By Ashley Kane:

As I sit in a semi-empty bar scratching my pen against my notebook, a click of heels ushers towards me.  I look up to see a man with full beard, dark brown skin and a t-shirt that simply says ART.  Oran Tailor, a hip hop artist from St. Louis, Missouri stands before me and greets me with a warm smile a welcoming presence.  I sat down with Tailor to get his perspective on the message in his music, God, and the current state of hip hop.


Tailor, now 26 has been writing music since the age of 12 and recording since he was 15 years old.  He began to describe how it wasn’t until 2011, when his music had a purpose.  Tailor says “life triggered the music, I was dealing with day to day life”.  When he didn’t think prayer worked, God opened his eyes.  Tailor goes on to say,  “Faith is important to me and the foundation of my mission, so you’ll hear it consistently in my music.”  We also discussed the title of his newest release, Fxck Your Religion.  He describes the meaning behind it:  The music is original, raw and authentic.  Tailor says it’s not just about spirituality it’s about going against tradition, against the grain; it’s about “intimacy and personal connections”.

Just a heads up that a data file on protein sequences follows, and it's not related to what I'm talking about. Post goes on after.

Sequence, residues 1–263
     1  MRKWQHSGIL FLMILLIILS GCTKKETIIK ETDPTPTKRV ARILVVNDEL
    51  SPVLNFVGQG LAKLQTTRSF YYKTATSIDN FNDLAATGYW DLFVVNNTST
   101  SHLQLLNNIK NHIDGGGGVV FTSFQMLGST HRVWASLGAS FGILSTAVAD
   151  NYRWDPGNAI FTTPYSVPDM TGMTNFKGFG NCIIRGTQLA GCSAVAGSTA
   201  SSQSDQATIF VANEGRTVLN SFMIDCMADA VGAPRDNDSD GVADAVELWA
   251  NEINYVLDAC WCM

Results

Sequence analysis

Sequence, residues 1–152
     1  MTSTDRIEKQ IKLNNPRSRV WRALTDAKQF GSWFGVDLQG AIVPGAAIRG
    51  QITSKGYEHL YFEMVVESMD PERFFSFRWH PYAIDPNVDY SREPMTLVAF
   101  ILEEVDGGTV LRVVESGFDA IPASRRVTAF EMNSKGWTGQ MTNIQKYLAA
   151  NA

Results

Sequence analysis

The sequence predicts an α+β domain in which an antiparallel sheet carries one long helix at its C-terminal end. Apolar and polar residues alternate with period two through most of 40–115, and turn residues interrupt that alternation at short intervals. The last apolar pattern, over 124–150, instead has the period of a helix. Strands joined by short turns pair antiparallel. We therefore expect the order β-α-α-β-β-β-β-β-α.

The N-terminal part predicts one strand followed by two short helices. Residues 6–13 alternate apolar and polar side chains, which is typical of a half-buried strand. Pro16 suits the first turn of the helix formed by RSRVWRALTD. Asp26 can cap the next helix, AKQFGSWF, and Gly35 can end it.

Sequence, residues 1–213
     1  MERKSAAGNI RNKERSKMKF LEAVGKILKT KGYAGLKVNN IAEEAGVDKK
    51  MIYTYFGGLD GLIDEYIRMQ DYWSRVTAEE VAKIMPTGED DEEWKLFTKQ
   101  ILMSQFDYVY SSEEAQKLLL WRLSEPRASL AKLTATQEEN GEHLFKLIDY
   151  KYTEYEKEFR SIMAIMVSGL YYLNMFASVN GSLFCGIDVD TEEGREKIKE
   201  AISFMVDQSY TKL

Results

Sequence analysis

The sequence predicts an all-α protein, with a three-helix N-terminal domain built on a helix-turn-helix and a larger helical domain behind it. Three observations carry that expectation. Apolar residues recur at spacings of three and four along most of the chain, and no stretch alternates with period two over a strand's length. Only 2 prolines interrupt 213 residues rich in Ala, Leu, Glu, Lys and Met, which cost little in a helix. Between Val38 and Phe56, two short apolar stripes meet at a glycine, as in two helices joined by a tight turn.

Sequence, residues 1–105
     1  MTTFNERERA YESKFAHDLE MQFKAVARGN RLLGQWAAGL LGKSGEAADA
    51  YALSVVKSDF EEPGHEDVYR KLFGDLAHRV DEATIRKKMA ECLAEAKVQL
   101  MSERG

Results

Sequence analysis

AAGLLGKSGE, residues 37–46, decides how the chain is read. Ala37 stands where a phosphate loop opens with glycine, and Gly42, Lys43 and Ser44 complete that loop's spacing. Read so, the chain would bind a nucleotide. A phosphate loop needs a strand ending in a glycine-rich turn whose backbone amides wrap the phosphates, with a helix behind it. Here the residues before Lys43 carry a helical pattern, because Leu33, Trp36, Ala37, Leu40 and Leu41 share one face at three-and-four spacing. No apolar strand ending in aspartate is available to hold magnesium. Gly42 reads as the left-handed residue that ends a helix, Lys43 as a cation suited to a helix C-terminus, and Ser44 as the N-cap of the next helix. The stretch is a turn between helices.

We then delve into the current hip hop enterprise, and for several minutes we banter back and forth about “turn up” music.  Tailor shakes his head in disapproval profusely stating that everyday is not a party for him.  “I’m dealing with real life shit, I ain’t gotta turn up all the time”.  Oran rattles off a list of influential artists like 2Pac, Jay Z, Kendrick Lamar, Kanye West, and Wale who have inspired some of his music.  Tailor says “music has to come from the heart, if it doesn’t come from the heart it’s not real”.


image6As Tailor steps off stage he’s greeted by applause and a stiff drink.  If you’re looking for music that means something, music with substance, hip hop that makes you think, follow @OranTailor.  He may just make you think a little harder.  I leave you with another quote from Tailor as it describes him best.  “I prefer relationship over religion and purpose over preference.”